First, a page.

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In Rubble of Cap-and-Trade, Big Green Taking a Beating

In the search for what's next, a range of options including civil disobedience, state-level action, and continued work on Capitol Hill

By Elizabeth McGowan

Nov 23, 2010

“People need to understand what EDF is and treat them accordingly,” he said. “If they were the environmental policy arm of Blue Dog Democrats’ caucus, I wouldn’t begrudge them that role.”

Cap and trade and market-based solutions were EDF’s “baby,” because the organization’s staffers had the “policy firepower,” he said, adding that Krupp’s employees are not nearly as well versed on renewable electricity standards and other regulatory solutions.

Calls to the Environmental Defense Fund seeking comment for this article were not returned.

One of EDF’s harshest critics is Rachel Smolker, whose now-deceased father, Robert Smolker, co-founded the organization decades ago during discussions in her childhood home on Long Island.

Smolker, an activist with the United Kingdom-based Biofuelwatch accuses EDF of being extremely cozy with industry and unwilling to listen to grassroots voices outside the nation’s capital.

“Cap and trade is a dangerous approach because it gives control to Wall Street,” she said in an interview from her Vermont office. “It’s the least painful and most profitable route for industry.”

Smolker is also active with Climate SOS, which borrowed a line from James Hansen when labeling the Waxman-Markey bill as “worse than nothing.” Hansen, who has been arrested for climate activism, heads the NASA Goddard Institute for Space Studies in New York City.

“Many grassroots groups have no confidence in Washington,” she said. “Once, the idea of working with markets was a good idea and there were some successes. But attitudes toward cap and trade have changed in the last year.”

Copenhagen a Lost Opportunity

Krupp is correct that the environmental community has an urgent need to mobilize more broadly, Friends of the Earth’s Moglen said. Still, Moglen is flabbergasted that the climate situation has deteriorated so drastically since there was such consensus for action a year ago. Green groups are certainly culpable for losing control of a prime opportunity, he said, but he places the onus on President Obama.

“At the very moment (environmental organizations) created a debate space, this Congress and this president were AWOL,” he said. “The people who flooded into that void were the corporations. Then the flat-Earthers were inhabiting the debate space.”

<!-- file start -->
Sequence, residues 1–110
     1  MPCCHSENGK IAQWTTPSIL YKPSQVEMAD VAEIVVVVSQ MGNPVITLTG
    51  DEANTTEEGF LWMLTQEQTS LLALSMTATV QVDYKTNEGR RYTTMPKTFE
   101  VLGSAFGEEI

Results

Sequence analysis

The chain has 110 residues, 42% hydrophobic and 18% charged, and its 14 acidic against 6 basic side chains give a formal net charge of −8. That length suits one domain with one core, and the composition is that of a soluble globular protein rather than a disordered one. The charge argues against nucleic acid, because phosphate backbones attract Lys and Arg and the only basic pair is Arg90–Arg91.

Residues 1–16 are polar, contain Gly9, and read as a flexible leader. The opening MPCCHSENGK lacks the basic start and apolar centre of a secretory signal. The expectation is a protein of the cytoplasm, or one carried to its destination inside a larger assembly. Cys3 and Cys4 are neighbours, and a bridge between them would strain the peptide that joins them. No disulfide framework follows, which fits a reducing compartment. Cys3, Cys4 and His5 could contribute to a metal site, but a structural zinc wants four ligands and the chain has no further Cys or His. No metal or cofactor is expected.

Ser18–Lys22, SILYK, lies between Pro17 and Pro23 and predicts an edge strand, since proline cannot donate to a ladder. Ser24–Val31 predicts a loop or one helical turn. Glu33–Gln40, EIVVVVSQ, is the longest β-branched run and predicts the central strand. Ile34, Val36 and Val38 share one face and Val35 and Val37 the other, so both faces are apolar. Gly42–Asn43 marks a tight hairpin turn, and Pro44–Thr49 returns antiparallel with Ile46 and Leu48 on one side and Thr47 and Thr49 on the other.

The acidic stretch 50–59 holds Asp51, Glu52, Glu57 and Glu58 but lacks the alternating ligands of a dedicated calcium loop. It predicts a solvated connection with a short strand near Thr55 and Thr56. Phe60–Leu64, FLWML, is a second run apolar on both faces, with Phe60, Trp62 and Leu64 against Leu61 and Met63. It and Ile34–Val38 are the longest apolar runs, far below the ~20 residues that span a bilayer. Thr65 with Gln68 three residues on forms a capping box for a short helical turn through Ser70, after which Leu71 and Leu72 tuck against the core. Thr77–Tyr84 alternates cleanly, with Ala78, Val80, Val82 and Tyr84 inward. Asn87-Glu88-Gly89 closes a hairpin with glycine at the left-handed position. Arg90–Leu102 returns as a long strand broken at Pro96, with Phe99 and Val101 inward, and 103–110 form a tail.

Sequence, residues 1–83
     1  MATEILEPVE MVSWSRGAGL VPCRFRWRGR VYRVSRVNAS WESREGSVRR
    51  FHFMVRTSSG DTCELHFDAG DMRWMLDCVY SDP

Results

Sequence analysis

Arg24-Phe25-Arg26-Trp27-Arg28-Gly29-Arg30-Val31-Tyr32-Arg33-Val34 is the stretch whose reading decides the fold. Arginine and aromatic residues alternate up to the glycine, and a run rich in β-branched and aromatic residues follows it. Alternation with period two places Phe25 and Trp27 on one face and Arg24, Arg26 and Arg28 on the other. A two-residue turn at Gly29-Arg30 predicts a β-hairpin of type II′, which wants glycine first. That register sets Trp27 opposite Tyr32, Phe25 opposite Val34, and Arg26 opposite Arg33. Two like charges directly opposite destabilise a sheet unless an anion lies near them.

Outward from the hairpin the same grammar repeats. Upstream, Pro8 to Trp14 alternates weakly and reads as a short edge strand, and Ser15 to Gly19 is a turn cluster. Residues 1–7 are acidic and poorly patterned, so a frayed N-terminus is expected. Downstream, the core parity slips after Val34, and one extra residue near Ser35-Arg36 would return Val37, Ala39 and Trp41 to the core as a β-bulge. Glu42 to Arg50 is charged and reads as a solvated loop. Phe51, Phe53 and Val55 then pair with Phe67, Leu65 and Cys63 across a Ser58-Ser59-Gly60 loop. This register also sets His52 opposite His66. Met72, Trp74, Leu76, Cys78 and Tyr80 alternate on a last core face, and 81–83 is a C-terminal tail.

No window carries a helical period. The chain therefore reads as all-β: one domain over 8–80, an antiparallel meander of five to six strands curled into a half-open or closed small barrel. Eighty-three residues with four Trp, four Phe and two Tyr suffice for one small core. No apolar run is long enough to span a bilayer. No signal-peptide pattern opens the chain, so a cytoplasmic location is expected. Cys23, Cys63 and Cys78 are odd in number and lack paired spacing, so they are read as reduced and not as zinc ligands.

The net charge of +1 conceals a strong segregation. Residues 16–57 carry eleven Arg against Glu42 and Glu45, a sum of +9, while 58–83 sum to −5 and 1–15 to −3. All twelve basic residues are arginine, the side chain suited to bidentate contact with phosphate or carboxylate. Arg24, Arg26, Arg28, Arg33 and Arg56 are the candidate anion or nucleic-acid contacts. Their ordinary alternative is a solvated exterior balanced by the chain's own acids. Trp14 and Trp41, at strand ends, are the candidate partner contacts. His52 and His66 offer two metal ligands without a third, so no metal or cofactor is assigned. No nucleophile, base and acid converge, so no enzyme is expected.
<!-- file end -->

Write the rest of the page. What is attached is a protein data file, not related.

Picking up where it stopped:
If Obama had been as vociferous in a call for action at the Copenhagen climate conference in December 2009, as he is being now with the nuclear-arms treaty with Moscow, Moglen is convinced strong legislation would be in place now.

“The president failed on that front,” he said. “He could have gone to Copenhagen and changed the course of human history. It was his moment and he chose to hide behind Congress. Then the whole house of cards came tumbling down.”

Without national legislation, he continued, Obama now has to go to the mat for the Environmental Protection Agency so its authority to regulate greenhouse gases via the Clean Air Act isn’t blocked.

With a fractured House and a weakened Senate, Moglen suspects that cutting-edge solutions to global warming will bubble up from the states instead of trickle down from the federal level.

And as much as other observers see the political spectrum’s left and right as polar opposites, Moglen thinks the two could bond over their opposition to subsidies and tax breaks for the coal and oil industries. That common ground might be a starting point for the beginning of a climate conversation.

“We need to hold the fossil fuels industry accountable,” he said, adding that nobody asked corporations for their help when drafting civil rights legislation in the 1960s. “But we need to hold leaders accountable.”

“(The environmental community) bears responsibility and our leaders bear responsibility for not holding up our end of the bargain.”

Needed: Faster Ship With Bigger Guns

DeChristopher, the Utah activist, said he is encouraged that grassroots groups have finally realized they need to step out of the shadow of large, Washington-centric environmental organizations.

“Watering things down and making allies with corporations that really are enemies hasn’t worked,” he said. “We might as well work for something that will make a difference.”

Capital Idea

Property Assessed Clean Energy (PACE) bonds could be the "think locally act globally" solution that this article is insinuating.

Basically, this law, already enacted by some municipalities in the US, creatively provides local capital to implement local renewable energy and efficiency projects on a community scale.  The "bond" / loan to make the renewable energy transition happen successfully overcomes the biggest hurdle towards implementation of clean energy technologies – and this hurdle for the most part is capital.  I want solar, wind, geothermal, micro-hydro, and biomass – everyone I know does! But no-one has the money for it unfortunately.  PACE really offers a solution to this problem by providing a mechanism for citizens and businesses to voluntarily raise that capital.  Not by enforcement, taxation, regulation,  fines, or incentivized manipulation, but a local funding mechanism by which everyone can get the capital they need to make the transition – provided their municipality approves the measure (like Boulder, Berkley, and others did).

So you are probably not be surprised that “Big Money” and real-estate lobby is fighting this – because they haven’t figured out how to sufficient profit from it.

You can learn more and get you and your municipality involved at:

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